‘Miss-conduct,’ revenge and litigation form a toxic mix at Ole Miss

The University of Mississippi football team will not appear in a bowl game during the upcoming 2017 season.

This punishment, which includes forfeiting millions in Southeastern Conference post-season revenue, was self-imposed in response to a hard-driving and expansive NCAA investigation of the Rebels program.

The investigation culminated in allegations of academic fraud, booster problems, making illicit payments of cash, merchandise and other benefits to recruits and the dreaded “lack of institutional control.”

While integrity and college football coaches are often strangers, the improprieties attributed to successive Ole Miss coaching staffs stand out, even by notorious SEC standards.

Evidence of the Ole Miss misconduct was never on greater display than after its star offensive tackle, Laremy Tunsil, was selected in the first round of the 2016 draft by the Miami Dolphins. At the ensuing news conference, Tunsil was asked whether he had received money from the school’s coaching staff. “I would have to say, yeah,” he answered.

Coach Hugh Freeze promoted faith-based football at Ole Miss since his arrival in 2012 and established a public image for himself as a religious man, regularly tweeting biblical verses.

Freeze further won the hearts of Rebel fans by prevailing in the school’s first Sugar Bowl since 1970, when Archie Manning was the quarterback, and perhaps more importantly, by beating Alabama twice.

So when the NCAA leveled serious rules violations against the football program in April 2016, and later added more, for a total of 21 charges, the majority of which are reportedly Level I, the highest classification, the school stood squarely behind Freeze.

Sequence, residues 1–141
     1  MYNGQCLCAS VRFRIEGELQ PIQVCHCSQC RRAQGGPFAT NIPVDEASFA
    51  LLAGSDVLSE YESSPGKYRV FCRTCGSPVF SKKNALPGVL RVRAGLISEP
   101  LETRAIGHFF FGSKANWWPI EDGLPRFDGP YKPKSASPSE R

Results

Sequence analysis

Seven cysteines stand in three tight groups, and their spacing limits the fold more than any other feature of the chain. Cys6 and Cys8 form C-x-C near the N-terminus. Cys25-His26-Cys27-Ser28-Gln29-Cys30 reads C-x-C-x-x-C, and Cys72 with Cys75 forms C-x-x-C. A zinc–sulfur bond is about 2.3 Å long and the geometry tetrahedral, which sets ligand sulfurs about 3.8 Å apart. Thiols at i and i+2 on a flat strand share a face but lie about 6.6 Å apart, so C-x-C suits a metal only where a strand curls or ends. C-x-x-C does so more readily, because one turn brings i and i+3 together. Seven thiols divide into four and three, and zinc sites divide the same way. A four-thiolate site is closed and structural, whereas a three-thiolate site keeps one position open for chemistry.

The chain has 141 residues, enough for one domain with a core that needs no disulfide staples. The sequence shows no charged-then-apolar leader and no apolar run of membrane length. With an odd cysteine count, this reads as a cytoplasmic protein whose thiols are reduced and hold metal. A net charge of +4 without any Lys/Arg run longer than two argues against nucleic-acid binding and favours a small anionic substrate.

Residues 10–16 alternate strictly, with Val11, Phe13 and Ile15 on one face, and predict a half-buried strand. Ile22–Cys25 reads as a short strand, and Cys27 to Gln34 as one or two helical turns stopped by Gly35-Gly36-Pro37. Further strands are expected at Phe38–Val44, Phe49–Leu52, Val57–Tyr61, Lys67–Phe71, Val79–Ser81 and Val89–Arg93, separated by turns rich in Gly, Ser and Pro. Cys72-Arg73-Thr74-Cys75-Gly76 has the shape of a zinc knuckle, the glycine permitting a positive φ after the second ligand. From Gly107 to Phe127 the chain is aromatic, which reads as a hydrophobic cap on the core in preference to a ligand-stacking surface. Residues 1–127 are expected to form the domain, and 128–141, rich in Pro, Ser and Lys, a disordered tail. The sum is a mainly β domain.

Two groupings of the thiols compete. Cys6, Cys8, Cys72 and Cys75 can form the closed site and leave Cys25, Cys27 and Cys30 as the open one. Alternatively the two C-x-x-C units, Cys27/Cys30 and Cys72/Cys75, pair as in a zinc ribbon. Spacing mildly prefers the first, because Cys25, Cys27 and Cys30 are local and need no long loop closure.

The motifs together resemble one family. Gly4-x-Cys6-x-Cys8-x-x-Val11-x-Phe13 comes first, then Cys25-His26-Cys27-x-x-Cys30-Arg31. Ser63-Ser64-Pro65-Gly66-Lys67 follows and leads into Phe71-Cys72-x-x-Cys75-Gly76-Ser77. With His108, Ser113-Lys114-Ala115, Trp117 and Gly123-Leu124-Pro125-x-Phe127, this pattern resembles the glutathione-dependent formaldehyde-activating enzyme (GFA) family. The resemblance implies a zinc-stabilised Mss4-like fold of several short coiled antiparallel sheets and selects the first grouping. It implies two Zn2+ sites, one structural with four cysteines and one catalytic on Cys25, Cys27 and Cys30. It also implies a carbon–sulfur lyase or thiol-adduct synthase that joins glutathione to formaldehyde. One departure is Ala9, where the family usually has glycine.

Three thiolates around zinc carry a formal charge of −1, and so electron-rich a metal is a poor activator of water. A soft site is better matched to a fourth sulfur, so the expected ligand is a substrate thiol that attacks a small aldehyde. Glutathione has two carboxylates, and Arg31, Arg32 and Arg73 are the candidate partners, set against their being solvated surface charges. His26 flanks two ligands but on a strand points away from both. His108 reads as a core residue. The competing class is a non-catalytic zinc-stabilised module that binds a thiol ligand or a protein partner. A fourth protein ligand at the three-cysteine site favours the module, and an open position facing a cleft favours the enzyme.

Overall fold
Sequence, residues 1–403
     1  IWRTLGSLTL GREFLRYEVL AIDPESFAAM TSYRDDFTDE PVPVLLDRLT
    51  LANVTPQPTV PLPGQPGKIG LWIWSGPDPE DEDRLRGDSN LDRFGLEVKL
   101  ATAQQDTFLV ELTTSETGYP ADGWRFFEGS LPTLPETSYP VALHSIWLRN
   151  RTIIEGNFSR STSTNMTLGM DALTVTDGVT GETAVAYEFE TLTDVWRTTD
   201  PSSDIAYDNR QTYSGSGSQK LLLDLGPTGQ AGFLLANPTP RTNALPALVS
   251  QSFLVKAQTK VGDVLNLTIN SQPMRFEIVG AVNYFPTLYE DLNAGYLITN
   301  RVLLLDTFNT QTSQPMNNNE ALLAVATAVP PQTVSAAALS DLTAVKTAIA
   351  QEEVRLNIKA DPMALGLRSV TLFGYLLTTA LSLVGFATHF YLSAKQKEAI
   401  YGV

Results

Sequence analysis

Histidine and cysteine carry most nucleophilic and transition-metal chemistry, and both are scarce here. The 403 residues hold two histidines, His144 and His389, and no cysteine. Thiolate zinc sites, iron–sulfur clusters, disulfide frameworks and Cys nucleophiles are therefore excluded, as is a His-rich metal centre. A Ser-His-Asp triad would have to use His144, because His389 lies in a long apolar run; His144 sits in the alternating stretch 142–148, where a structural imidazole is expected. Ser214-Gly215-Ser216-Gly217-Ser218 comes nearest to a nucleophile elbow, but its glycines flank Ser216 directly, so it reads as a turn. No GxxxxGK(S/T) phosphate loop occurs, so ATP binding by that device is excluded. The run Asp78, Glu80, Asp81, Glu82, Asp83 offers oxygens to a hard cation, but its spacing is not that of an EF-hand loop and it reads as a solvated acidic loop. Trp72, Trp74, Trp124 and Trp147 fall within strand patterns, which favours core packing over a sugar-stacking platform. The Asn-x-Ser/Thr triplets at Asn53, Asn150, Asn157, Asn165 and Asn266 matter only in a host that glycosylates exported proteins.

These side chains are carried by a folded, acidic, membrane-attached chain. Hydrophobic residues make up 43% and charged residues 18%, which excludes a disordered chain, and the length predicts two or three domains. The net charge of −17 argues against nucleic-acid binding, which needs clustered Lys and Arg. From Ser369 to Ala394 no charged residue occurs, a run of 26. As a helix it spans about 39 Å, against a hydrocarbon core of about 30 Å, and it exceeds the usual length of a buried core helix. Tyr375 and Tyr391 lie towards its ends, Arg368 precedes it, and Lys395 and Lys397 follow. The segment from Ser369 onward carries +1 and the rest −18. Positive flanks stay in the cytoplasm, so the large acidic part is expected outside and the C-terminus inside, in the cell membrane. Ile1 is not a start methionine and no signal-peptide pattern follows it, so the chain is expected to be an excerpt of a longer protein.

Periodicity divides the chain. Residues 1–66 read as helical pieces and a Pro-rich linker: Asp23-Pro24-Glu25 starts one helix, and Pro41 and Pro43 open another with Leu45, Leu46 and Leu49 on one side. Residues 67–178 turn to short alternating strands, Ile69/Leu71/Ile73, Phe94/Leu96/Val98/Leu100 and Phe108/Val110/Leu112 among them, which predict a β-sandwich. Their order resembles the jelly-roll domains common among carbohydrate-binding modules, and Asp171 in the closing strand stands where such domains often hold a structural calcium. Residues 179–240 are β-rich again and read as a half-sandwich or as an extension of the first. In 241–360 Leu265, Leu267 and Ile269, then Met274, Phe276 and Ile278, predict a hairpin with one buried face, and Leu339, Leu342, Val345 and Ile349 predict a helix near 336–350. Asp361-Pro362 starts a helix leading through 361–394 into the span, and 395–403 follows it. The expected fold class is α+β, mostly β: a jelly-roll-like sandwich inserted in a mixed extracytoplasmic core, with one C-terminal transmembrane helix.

Not any more.

Freeze was forced to resign from Ole Miss just last month after its administration was alerted to a call placed from his university cellphone to an escort service. Although Freeze originally claimed the call was a misdial, when the school dug deeper into his phone records, his fate was sealed.

Athletic Director Ross Bjork acknowledged that Freeze’s departure was not occasioned by the NCAA investigation, but by his acknowledged “pattern of personal misconduct inconsistent with the standards we expect from the leader of our football team.”

That’s only the beginning of this tale.

According to USA Today, Ole Miss learned of Freeze’s calls from the attorney for its former coach, Houston Nutt. Coach Nutt led the Rebels from 2008 through 2011, just prior to Freeze, and after getting fired at the University of Arkansas.

Just as with Freeze at Ole Miss, the Razorbacks’ on-field performance did not lead to Nutt’s ouster. Nutt took his Hogs teams to seven bowl games in 10 years, including two Cotton Bowls and one Capital One Bowl. In 2006, the year before his firing, Arkansas finished 10-4 with the Heisman runner-up Darren McFadden at tailback, and Nutt won his second SEC coach of the year award.

Instead, FOIA requests made by a lifelong fan while the married Nutt was in Fayetteville revealed more than 2,000 texts with a local news anchor. Nutt denied having an affair, and his wife even blogged in his defense: